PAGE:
Ben Beaupre's Reviews > London Bridges

London Bridges by James Patterson
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's review
Nov 30, 2011

it was amazing

“London Bridges” is another book of author James Patterson in his “Alex Cross” series; however it is not a continuation of the other novels. The book begins with an evil-minded man named “the Wolf” leading in the bombing of a small Nevada town as a warm-up for the near future. Investigator Alex Cross is on vacation when he is called into the investigation when the FBI and CIA are threatened directly from the Wolf about his future plans to implode New York, Washington, London and Frankfurt if he does not receive the enormous financial package that he wants. As groups from around the world try and solve the Wolf’s ways and hopefully capture him, the groups under threat become indecisive and are given later deadlines to the tune of a much more expensive financial package. Meanwhile, the Wolf and his counterparts (who are paid heavily to do their “piece” of the whole puzzle) begin imploding bridges in parts of the world and ruthlessly killing innocent people and even each other. As Alex Cross travels the world to solve the case, he learns of his life-threatening conditions in order to find the Wolf. Finally, the Wolf has been tracked down and killed; however, Cross has found the wrong “Wolf” and he continues his investigating. The novel ends when the real identity of the Wolf is accidently and spontaneously found by Cross. With a hefty amount of money and possessions, the Wolf surrenders and proceeds to poison himself.

I loved “London Bridges” and gave it a five-star rating because I found the plot to be very exciting, action packed and I loved the spontaneous plot changes that James Patterson threw in. One of my favorite aspects of a good book (in my opinion) is unexpected and dramatic twists in the plot or a character’s journey through the story. This happened very frequently in “London Bridges” – a very likely reason why I enjoyed this book so much. For example, the identity of the Wolf is constantly up in the air. Finally, Alex Cross believes the Wolf has been killed however he returns home to find his family kidnapped and an email from the kidnapper. The email says on pages 368 and 369: “Your family will be returned today, but now we’re even. You will never see me again. I don’t want to see you, either. If I do, you will die. That is a promise. – Klara Cernohosska, Wolf” This signature was a huge turning point in the novel, as we realized that the Wolf is still very much alive (to our belief) and there is still an incredibly imminent threat to Cross. I also found myself not believing that the sweet, home-loving wife of Alex’s Cross ally was the Wolf – the person who caused so much death, destruction, pain and anger. In the end, Klara wasn’t the Wolf (another surprising turn in the plot) but this was a moment that I loved in regards to the continuation of the plot.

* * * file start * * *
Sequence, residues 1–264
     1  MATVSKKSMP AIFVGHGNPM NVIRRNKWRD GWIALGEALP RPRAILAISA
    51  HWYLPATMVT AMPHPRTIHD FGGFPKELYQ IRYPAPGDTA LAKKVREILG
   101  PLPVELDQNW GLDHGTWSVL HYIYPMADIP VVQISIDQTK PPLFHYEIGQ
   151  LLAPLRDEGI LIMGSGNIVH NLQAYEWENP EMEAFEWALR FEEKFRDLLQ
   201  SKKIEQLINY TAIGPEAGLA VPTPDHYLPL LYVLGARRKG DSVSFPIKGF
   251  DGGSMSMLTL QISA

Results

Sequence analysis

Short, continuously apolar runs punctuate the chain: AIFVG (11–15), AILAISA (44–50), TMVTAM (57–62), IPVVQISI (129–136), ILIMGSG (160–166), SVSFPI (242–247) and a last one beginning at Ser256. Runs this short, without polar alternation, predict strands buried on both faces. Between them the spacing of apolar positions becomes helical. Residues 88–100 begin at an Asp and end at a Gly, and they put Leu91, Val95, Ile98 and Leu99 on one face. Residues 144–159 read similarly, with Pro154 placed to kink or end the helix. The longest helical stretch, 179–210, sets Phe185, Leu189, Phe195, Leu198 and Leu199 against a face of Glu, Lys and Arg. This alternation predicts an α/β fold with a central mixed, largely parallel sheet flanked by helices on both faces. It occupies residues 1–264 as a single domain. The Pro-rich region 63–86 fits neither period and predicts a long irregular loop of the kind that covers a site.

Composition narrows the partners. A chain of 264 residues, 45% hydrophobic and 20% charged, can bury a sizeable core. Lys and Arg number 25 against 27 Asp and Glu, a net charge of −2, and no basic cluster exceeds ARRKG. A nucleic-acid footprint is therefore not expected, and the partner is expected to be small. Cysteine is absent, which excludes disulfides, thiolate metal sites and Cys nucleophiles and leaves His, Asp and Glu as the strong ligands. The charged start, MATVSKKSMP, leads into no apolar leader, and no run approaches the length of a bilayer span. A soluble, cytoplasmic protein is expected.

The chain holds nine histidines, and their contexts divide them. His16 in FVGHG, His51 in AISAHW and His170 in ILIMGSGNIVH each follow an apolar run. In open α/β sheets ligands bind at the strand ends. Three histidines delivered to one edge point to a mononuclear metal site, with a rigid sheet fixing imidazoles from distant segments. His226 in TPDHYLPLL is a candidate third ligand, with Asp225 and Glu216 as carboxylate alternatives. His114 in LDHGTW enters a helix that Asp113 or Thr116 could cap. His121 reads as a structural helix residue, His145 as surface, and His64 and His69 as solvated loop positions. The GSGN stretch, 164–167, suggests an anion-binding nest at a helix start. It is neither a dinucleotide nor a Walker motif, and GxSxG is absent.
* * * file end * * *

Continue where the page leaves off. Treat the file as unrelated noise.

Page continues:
Another reason that I gave “London Bridges” such a strong rating was because despite almost unbelievable ideas that a man could have so much power over top-ranked investigation groups around the world over imploding some of the world’s largest cities, the author, Robert Patterson, pulled you into the story and made you believe the story and feel the emotions with very effective writing. For example, while we may see the Wolf as being a scary, strong and emotionless criminal, he has been investigated and found to have an unfortunate past and he has a very human way of dealing with stress: “One of his sons gave him a rubber handball before the boy died…[the Wolf] squeezes the ball when he gets angry…his family was murdered…” (373). I often have a distaste for what I consider “unbelievable” fiction, however this description of the Wolf is a perfect example of how the author pulls you into a crazy situation with believable details. Because of this, I felt much more naturally satisfied with what I was reading.

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